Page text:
Music Shapes our Worship Experience

An email sent to my classmates of 1968

Dear Minnehaha brothers and sisters,

Spent the winter planning for my death. You know, writing Trusts and Health Care Directives and such. It’s actually been a very interesting project.

Began by writing my obituary and the usual stuff one would expect to read. What got me thinking was about my “religious affiliation.” It would be an understatement to say that I was raised in a very religious environment. Church twice each Sunday. 4 years at Minnehaha Academy with chapel five days a week. Sang for over 40 years in church and gospel choirs. Volunteered for kid’s choir crowd control. I wanted people to know I was a believer.

After a 7-year hiatus, in January I transferred my church membership from Christ Presbyterian to Westminster Presbyterian. Singing in the choir again has been really rewarding. And the music selections are wonderful. Rachmaninov piano concertos. Beethoven string ensembles. Bach pipe organ postludes. Choral work in 4 languages. Even Gregorian chants. Like “Requiem Aeternam” which we sang last Sunday, from the original four-line notation (below).

Do you remember back in 1968 at Minnehaha Academy, when I gave a talk for chapel about church music? I wondered: “if a flashback on WDGY or KDWB is a song 4 years old, why are we singing songs for worship that are more than 200 years old?”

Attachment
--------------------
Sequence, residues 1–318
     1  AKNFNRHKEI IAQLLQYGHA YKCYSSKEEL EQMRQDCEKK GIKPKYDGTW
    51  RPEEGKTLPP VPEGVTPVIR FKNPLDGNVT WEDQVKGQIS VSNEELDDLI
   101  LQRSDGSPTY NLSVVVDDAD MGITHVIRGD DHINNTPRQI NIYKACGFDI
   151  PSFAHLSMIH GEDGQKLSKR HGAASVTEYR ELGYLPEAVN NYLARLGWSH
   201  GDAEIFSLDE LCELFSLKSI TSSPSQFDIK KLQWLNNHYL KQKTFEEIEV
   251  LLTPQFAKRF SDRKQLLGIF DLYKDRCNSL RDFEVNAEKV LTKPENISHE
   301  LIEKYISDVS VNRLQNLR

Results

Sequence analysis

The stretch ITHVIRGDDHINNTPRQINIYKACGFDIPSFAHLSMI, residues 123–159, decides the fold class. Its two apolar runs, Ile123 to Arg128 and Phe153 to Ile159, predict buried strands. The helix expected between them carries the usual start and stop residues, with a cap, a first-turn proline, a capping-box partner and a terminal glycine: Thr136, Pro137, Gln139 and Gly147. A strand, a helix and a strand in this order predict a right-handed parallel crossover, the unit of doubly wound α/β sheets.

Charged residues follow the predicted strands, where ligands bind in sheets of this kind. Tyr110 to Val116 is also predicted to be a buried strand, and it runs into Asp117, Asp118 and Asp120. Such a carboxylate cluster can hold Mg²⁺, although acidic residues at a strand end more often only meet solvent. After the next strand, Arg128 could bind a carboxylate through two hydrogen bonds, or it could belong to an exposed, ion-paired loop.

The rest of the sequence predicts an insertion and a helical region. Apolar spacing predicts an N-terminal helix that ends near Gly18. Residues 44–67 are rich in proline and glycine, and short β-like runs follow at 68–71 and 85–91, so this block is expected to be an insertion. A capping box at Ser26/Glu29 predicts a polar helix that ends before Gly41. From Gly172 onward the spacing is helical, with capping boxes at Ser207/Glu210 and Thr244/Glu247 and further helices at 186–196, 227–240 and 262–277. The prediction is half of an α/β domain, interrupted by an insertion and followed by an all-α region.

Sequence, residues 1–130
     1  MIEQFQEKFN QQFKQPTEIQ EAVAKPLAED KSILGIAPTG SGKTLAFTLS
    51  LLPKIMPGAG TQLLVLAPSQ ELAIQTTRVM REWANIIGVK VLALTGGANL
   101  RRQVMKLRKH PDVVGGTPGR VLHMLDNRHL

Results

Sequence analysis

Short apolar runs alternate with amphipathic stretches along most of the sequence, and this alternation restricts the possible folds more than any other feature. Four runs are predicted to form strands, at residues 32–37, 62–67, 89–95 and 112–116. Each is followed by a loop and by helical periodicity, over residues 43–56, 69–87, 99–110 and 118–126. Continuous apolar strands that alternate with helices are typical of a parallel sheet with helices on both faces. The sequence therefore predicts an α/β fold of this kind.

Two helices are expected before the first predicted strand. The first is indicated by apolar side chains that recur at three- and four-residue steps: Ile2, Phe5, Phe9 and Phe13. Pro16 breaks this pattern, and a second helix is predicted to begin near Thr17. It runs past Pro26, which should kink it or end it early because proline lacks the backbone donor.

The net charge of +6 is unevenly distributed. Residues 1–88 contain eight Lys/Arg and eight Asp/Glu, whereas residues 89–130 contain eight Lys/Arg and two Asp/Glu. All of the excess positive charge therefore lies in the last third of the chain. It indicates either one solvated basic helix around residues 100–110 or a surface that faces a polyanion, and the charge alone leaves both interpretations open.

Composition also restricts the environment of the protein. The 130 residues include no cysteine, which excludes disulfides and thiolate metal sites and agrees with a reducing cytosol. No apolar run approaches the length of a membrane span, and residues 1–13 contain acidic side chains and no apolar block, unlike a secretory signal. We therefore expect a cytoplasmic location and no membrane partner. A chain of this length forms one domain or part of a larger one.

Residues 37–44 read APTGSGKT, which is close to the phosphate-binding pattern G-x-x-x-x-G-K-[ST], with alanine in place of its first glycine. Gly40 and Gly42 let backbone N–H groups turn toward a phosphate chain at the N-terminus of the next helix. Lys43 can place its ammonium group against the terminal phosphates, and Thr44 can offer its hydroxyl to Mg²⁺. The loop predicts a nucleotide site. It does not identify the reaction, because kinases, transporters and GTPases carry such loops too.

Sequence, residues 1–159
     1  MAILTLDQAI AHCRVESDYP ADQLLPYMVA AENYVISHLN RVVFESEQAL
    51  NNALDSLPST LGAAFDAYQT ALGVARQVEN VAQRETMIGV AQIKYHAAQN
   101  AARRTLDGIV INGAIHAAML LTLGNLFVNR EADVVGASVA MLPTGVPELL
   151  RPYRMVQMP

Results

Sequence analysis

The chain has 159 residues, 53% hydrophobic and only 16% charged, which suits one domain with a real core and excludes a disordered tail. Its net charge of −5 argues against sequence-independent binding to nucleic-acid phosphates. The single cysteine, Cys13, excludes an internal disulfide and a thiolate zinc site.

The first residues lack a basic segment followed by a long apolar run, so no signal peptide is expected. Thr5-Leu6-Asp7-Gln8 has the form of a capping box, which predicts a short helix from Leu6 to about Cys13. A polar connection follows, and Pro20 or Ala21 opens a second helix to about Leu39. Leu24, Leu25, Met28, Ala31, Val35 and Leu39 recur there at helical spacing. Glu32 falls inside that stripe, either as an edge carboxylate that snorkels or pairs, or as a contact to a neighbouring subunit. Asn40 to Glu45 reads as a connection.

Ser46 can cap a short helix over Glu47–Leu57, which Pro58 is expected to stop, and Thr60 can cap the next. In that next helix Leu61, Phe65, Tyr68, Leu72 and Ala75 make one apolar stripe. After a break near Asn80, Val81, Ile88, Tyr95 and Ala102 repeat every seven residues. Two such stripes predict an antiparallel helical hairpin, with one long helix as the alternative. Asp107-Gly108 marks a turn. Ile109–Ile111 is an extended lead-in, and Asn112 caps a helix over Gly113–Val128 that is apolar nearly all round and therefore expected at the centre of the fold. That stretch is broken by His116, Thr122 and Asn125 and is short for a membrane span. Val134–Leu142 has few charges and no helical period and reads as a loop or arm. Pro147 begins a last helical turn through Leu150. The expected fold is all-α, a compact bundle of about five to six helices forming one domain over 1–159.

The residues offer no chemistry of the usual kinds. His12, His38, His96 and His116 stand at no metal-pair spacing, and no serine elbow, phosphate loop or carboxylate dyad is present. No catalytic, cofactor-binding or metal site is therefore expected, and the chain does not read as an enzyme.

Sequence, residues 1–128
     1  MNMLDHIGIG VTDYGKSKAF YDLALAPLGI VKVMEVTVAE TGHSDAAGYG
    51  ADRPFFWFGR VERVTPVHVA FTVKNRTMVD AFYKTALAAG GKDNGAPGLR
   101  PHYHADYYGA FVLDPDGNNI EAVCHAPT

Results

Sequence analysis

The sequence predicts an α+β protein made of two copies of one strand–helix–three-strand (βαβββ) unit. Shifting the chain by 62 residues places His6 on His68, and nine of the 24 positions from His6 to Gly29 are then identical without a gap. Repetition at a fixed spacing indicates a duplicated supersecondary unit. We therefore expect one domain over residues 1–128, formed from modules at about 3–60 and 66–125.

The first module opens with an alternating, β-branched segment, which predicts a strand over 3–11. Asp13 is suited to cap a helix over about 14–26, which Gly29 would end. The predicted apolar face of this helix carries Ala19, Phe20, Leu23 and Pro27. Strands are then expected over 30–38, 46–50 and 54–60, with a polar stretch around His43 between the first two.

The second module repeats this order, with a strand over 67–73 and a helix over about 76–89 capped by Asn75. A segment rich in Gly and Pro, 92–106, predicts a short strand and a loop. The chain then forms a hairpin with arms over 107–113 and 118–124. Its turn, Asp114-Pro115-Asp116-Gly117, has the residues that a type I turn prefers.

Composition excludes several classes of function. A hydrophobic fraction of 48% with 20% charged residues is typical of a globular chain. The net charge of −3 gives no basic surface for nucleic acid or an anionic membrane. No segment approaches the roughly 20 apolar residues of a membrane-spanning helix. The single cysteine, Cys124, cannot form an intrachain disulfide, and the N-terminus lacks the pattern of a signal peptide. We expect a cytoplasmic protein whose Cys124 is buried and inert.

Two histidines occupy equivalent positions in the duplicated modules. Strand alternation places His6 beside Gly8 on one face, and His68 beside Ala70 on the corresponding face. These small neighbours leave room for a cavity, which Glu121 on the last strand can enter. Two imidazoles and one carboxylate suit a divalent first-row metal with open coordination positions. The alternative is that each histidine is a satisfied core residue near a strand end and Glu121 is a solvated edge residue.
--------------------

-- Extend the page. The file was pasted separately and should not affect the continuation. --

Boy did I catch a lot of flak for that. Like somehow up-tempo music wasn’t “religious.” (Wait, we couldn’t dance either. Doing vertically what we wanted to be doing horizontally wasn’t acceptable.)

Did the same talk for chapel in 1970 at Waldorf College, where I played some music that could be considered religious: “Presence of the Lord” by Blind Faith for example (still a favorite). Caught even more flak for that talk – from students, not faculty.

Flash forward 50 years, and most church services on any given Sunday feature music performed with electric guitars and drums and keyboards and multiple vocalists using wireless microphones. Contemporary services featuring 3-chord rock- or blues-sounding music are the main attraction for 11:00 prime-time. “Six songs and a sermon” seems to be the formula for successfully bringing people to church. And it works.

What I’ve learned from all this is that the music we choose for worship is as personal as our relationship with God. Makes no difference if it’s a Gregorian chant or a screaming guitar solo that gives us goosebumps on Sunday morning, music shapes our worship experience.